[PI]       "Life of Pi", 20th Century Fox, 2012.

   [pibill]   Wikipedia, "Indiana Pi Bill", March 2017,
              <https://en.wikipedia.org/w/
              index.php?title=Indiana_Pi_Bill&oldid=770393894>.

   [RFC5944]  Perkins, C., Ed., "IP Mobility Support for IPv4, Revised",
              RFC 5944, DOI 10.17487/RFC5944, November 2010,
              <http://www.rfc-editor.org/info/rfc5944>.

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Appendix A.  Square Pi

   When using square numbers, it is customary to use square pi, a number
   that has seen limited exposure in traditional texts but is widely
   used in computer science.  It is thus appropriate to publish a few
   related notes on square pi in order to assist users of square
   addresses on its correct usage.

   While traditional pi or round pi is an irrational number, it can be
   rounded off to 3.14 or 3.14159; it has an incomprehensible number of
   decimals, which is quite inappropriate for a round number, but as we
   keep rounding it to fit our needs, we keep rationalizing it from its
   irrational behavior.

   The radius of an object is the closest to the center of the object
   you get.  The circumference is the radius times 2 pi.  The diameter
   is the shortest distance across the object, which is thus the radius
   times 2.  The area is pi times the square of radius.

   For a round circle, the radius is from the center to anywhere on the
   circumference.  For a square circle, the radius only reaches the
   circumference on the four points located closest to the center.
   These are typically oriented such that the real and imaginary axis
   goes through them, which is helpful in calculations, and no rotation
   symmetries need to be considered.

   The square pi fills the same purpose as the round pi, but rather than
   being adapted to round objects, it is adapted to square objects.  For
   a square circle, the math is exactly the same as for round circles,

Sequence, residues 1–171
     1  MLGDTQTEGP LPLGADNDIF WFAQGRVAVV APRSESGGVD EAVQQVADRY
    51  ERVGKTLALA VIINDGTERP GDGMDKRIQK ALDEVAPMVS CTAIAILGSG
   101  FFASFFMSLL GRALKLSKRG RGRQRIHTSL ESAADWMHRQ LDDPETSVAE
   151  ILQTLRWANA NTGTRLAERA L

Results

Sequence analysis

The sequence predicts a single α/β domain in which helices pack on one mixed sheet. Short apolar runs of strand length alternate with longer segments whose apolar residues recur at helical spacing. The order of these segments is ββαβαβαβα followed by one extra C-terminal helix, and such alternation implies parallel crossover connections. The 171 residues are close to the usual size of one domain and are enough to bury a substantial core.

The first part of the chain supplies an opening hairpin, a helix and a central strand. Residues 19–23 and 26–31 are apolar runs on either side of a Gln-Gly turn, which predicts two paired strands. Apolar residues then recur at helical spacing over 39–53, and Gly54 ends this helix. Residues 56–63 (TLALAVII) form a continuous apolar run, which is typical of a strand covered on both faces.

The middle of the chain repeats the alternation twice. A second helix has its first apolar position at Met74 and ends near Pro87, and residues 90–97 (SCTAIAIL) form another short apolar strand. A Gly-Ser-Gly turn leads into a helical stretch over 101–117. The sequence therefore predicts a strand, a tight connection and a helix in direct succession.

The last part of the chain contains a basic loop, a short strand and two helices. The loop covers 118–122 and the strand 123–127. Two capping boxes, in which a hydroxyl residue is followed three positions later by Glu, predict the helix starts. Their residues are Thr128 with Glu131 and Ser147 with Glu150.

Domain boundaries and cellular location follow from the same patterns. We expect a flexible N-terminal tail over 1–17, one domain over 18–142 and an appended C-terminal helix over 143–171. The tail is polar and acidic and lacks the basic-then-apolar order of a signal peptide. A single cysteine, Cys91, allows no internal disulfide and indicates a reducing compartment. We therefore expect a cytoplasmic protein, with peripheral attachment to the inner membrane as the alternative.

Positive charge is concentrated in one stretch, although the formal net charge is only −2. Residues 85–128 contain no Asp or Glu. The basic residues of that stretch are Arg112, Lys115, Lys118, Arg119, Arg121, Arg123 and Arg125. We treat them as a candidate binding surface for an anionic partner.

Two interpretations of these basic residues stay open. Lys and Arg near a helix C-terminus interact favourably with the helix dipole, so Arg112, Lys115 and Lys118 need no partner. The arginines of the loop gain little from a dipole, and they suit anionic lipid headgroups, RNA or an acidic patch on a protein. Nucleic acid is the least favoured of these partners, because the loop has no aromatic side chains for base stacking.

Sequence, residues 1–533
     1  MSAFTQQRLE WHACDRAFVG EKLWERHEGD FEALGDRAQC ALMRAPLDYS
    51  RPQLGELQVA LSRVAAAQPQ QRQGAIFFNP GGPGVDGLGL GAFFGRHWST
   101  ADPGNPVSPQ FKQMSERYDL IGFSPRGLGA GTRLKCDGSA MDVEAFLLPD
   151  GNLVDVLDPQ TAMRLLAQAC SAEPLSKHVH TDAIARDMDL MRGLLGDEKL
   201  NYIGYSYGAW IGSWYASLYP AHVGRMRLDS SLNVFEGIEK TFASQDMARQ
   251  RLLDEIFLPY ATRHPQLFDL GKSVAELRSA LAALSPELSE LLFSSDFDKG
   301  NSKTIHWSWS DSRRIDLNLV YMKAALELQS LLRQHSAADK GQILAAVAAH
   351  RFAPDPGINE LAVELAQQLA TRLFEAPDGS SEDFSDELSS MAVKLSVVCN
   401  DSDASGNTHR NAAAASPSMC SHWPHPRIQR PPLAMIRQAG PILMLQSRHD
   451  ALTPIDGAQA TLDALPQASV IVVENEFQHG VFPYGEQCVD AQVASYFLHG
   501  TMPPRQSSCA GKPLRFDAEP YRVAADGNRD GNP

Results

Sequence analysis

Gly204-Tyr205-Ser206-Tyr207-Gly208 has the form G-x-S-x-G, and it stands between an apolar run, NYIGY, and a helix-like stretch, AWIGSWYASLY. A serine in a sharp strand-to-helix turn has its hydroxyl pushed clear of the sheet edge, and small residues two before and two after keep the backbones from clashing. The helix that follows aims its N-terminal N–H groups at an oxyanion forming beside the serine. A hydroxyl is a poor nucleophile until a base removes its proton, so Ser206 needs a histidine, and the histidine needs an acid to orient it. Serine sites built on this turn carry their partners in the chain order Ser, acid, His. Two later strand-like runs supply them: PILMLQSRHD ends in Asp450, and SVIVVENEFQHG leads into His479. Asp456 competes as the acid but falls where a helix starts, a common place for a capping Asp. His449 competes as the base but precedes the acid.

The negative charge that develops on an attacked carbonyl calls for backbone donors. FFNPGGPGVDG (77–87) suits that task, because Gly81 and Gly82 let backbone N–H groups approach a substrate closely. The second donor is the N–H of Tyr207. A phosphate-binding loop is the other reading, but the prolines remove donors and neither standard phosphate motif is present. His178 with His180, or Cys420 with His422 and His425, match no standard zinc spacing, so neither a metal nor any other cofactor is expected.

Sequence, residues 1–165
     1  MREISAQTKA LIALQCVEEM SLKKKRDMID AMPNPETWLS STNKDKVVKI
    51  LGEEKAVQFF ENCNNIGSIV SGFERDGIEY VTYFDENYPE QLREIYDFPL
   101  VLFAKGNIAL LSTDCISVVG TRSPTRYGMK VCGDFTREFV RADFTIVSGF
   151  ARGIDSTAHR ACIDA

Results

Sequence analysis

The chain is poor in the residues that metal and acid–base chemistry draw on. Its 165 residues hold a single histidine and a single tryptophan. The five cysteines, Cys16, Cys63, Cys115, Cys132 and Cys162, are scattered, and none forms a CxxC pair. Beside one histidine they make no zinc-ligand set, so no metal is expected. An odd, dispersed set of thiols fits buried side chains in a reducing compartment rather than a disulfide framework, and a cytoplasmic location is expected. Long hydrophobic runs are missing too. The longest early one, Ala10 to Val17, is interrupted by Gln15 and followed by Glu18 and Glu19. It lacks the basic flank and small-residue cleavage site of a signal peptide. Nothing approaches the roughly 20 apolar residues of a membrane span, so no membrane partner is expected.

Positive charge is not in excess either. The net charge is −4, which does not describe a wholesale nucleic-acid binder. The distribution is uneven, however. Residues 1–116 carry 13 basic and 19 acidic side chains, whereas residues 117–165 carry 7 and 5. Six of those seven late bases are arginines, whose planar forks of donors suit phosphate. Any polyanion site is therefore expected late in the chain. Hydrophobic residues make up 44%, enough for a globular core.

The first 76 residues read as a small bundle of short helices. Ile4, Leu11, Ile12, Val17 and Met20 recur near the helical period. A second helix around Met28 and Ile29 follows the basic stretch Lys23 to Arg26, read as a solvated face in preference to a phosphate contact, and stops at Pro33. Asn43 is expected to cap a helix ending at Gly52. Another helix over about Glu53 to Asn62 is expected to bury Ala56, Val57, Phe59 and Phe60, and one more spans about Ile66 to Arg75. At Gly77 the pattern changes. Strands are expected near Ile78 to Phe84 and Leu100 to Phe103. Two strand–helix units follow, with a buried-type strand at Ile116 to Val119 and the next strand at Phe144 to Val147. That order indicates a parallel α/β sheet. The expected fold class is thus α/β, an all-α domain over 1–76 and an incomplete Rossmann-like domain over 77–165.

provided that the square pi is used with square circles and that
   round pi is used with round circles.

   The value of square pi is 4.

   The value of square pi adapts really well to the way that computers
   calculate, which is also why computer results often are represented
   in square numbers, providing a bit of a square feeling.  It should be
   noted that the square root of pi is often used, and the square root
   of square pi is naturally 2, which is very easy to handle in
   calculations and effectively reduces the risk of irrational numbers.

   Please note that the square pi should not be confused with the
   Indiana Pi Bill [pibill], which does not discuss the square pi but a
   failed attempt to do square calculation of the area and circumference
   of a round circle using traditional tools like rulers and compasses.

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Appendix B.  Implementation Example

   The following is a simple implementation example to illustrate how
   some core concepts can be implemented in <complex.h> (as defined in
   ISO C99 [C99]).

   #include <complex.h>
   #include <math.h>
   #include <stdio.h>

   // Define type for complex address
   typedef complex ca;

   // Create complex address
   ca ca_create_complex_address(double real_address,
           double imaginary_address)
   {
           return real_address + I * imaginary_address;
   }

   // Get real address
   double  ca_get_real_address(ca ca_val)
   {
           return creal(ca_val);
   }

   // Get imaginary address
   double  ca_get_imaginary_address(ca ca_val)
   {
           return cimag(ca_val);
   }

   // Get complex address
   complex ca_get_complex_address(ca ca_val)
   {
           return ca_val;
   }

   // Get floating address
   double  ca_get_floating_address(ca ca_val)
   {
           return creal(ca_val);
   }

   // Get physical address
   double  ca_get_physical_address(ca ca_val)
   {
           return cimag(ca_val);

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   }

   // Get absolute address
   double  ca_get_absolute_address(ca ca_val)
   {
           return cabs(ca_val);
   }

   // Get address argument
   double  ca_get_address_argument(ca ca_val)
   {
           return carg(ca_val)*360/(2*M_PI);
   }

   int main()
   {
           ca ca1, ca2;

           ca1 = ca_create_complex_address(1.0, 0.0);
           printf("The complex address (%f,%f)\n",
                   creal(ca1), cimag(ca1));
           printf("has the real address %f and imaginary address %f\n",
                   ca_get_real_address(ca1),
                   ca_get_imaginary_address(ca1));
           printf("This represents the floating address %e and \
   physical address %f\n", \
                   ca_get_floating_address(ca1),
                   ca_get_physical_address(ca1));
           ca2 = ca_create_complex_address(0.0, 1.0);
           printf("The complex address (%f,%f)\n",
                   creal(ca2), cimag(ca2));
           printf("This represents the absolute address %f\n",
                   ca_get_absolute_address(ca2));
           printf("The address argument resolution is %f\n",
                   ca_get_address_argument(ca2));
           return 0;
   }

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Authors' Addresses

   Magnus Danielson
   Net Insight AB
   Vastberga Alle 9
   Hagersten  12630
   Sweden

   Email: magda@netinsight.net


   Mans Nilsson
   Besserwisser Networks

   Email: mansaxel@besserwisser.org